Ian has over 30 years of experience in maritime history research. His most recent projects are:
‘Real Natives’ – A Study of the History of Oyster Fishing in Chichester Harbour
‘Real Natives’ – A Study of the History of Oyster Fishing in Chichester Harbour, for the Sussex Inshore Fisheries and Conservation Authority (2020).
This oyster fishery was once the most important industry of its kind in Sussex. The report looks at evidence for oyster fishing in the Harbour as far back as the Roman era, with an in-depth discussion and analysis of the past two centuries. Though Real Natives includes a great deal of data on oyster populations and yields, it also presents a surprising and very human story of a local trade that was deeply affected by oyster ‘piracy’, industrial and class conflict, and environmental change. ‘Real Natives’, can be downloaded at: https://secure.toolkitfiles.co.uk/clients/34087/sitedata/files/Research/Oyster-History-Ian-Friel.pdf
Alderney Elizabethan Shipwreck
A Question of Identity – Historical Sources and the Alderney Wreck, a report for the Alderney Maritime Trust (2019).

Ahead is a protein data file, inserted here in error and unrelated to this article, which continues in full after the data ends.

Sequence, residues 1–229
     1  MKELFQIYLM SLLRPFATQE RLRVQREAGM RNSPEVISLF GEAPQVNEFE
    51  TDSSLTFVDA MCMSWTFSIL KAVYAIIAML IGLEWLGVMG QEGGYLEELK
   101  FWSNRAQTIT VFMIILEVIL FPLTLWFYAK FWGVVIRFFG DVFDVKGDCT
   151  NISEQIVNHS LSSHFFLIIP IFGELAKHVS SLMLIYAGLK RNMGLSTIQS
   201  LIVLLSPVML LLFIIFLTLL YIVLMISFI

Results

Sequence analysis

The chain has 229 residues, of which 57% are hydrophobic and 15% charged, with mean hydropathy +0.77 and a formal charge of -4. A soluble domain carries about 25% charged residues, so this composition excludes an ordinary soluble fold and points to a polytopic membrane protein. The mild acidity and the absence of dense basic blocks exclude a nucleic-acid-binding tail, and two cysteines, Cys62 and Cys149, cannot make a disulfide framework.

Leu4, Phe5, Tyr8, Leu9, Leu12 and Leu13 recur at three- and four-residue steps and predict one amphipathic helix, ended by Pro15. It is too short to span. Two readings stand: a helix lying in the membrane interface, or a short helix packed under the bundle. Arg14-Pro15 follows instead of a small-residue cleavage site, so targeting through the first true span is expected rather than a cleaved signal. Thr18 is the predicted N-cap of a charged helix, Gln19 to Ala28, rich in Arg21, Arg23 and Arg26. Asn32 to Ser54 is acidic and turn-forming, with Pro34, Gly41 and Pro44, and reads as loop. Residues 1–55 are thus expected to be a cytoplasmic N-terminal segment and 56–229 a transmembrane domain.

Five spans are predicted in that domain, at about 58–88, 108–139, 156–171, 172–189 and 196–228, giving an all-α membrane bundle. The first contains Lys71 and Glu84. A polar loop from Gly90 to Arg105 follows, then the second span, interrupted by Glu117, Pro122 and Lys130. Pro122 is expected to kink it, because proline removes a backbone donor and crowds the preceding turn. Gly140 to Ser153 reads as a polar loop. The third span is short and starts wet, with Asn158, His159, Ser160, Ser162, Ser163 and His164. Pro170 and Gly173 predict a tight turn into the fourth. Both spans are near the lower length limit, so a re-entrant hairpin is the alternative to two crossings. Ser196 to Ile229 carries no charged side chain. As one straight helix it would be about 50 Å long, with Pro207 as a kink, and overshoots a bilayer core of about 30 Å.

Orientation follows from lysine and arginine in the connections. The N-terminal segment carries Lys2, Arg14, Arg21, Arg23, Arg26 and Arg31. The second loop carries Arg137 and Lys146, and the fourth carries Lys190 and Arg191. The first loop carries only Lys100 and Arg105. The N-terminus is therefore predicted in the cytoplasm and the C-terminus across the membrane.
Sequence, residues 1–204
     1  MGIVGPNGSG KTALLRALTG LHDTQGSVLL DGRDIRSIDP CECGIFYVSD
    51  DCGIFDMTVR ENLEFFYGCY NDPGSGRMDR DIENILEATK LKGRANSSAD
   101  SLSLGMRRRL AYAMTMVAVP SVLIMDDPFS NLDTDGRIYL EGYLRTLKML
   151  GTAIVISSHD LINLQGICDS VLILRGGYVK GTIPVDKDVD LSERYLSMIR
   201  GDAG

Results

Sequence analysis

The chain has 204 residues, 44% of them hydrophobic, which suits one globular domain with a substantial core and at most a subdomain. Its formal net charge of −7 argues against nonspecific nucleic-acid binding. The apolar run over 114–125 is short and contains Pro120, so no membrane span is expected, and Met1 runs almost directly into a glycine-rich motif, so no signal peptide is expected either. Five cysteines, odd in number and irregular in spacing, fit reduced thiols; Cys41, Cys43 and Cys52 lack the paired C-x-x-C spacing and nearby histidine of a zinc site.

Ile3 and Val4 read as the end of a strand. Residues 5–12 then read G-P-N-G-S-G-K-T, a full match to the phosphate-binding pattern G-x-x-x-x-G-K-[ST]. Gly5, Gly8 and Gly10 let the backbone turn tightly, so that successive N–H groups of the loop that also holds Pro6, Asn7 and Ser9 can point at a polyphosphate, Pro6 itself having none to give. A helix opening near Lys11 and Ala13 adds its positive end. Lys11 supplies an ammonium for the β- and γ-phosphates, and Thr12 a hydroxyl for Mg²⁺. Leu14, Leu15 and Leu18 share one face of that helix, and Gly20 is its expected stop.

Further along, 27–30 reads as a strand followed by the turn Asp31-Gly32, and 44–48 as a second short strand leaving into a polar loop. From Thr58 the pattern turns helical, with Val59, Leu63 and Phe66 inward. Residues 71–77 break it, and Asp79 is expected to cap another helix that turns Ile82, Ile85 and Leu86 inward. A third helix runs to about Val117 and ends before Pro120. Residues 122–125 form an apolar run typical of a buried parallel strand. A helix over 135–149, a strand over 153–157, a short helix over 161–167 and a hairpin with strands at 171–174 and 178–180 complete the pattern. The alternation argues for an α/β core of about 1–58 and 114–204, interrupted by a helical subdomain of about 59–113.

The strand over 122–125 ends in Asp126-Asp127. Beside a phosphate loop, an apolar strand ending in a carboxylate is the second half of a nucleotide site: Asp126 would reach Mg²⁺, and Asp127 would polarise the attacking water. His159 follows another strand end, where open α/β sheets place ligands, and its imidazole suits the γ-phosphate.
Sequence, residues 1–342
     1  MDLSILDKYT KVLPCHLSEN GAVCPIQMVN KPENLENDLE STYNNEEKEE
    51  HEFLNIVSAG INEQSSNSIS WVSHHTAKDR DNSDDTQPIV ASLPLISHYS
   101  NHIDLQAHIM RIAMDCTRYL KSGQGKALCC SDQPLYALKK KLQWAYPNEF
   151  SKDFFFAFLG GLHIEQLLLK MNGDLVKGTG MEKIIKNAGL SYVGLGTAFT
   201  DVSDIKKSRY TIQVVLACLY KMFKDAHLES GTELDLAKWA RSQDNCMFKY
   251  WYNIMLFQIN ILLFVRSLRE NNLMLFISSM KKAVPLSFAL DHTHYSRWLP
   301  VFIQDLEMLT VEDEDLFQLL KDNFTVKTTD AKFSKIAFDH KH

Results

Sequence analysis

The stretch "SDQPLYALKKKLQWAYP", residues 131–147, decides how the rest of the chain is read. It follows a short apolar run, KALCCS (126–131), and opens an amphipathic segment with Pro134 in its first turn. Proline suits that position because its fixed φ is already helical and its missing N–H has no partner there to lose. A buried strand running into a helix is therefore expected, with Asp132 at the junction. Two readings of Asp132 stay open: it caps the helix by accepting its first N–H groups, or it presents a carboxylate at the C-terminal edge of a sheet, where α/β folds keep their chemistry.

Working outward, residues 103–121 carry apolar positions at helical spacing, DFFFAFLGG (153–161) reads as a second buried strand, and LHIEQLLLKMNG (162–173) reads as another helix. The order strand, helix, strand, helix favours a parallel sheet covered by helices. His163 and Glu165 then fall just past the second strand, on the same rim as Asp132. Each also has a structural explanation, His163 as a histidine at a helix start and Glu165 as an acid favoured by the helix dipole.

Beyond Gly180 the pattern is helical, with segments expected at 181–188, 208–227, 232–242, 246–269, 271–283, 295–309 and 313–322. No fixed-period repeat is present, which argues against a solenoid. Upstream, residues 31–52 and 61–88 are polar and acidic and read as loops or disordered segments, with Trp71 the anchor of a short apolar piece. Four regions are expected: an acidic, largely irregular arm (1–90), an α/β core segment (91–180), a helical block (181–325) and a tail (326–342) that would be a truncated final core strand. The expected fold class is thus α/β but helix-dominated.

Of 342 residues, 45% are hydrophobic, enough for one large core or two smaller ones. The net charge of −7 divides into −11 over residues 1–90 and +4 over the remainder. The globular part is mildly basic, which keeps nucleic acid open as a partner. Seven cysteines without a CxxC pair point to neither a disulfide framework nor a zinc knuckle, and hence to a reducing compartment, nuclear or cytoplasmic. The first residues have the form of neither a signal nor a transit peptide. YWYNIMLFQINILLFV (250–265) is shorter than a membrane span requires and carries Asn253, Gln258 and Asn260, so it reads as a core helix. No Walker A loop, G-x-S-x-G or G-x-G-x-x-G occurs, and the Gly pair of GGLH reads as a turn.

Swash Channel Wreck
Research and writing of a report identifying this important wreck, lost off Poole in Dorset in the 17th century.
First World War oil tankers
Research reports on four vessels, produced for Wessex Archaeology and an external client. The reports looked into the technical evidence for the tankers, their service histories and the circumstances of their loss.
Henry V’s Holy Ghost
Research into the history of this ‘great ship’, one of the four largest vessels in Henry V’s fleet. Ian produced a paper for Historic England on the potential last resting place of this vessel, in the River Hamble in Hampshire. Historic England has commissioned a site study by the National Oceanography Centre and the University of Southampton, which is currently in progress.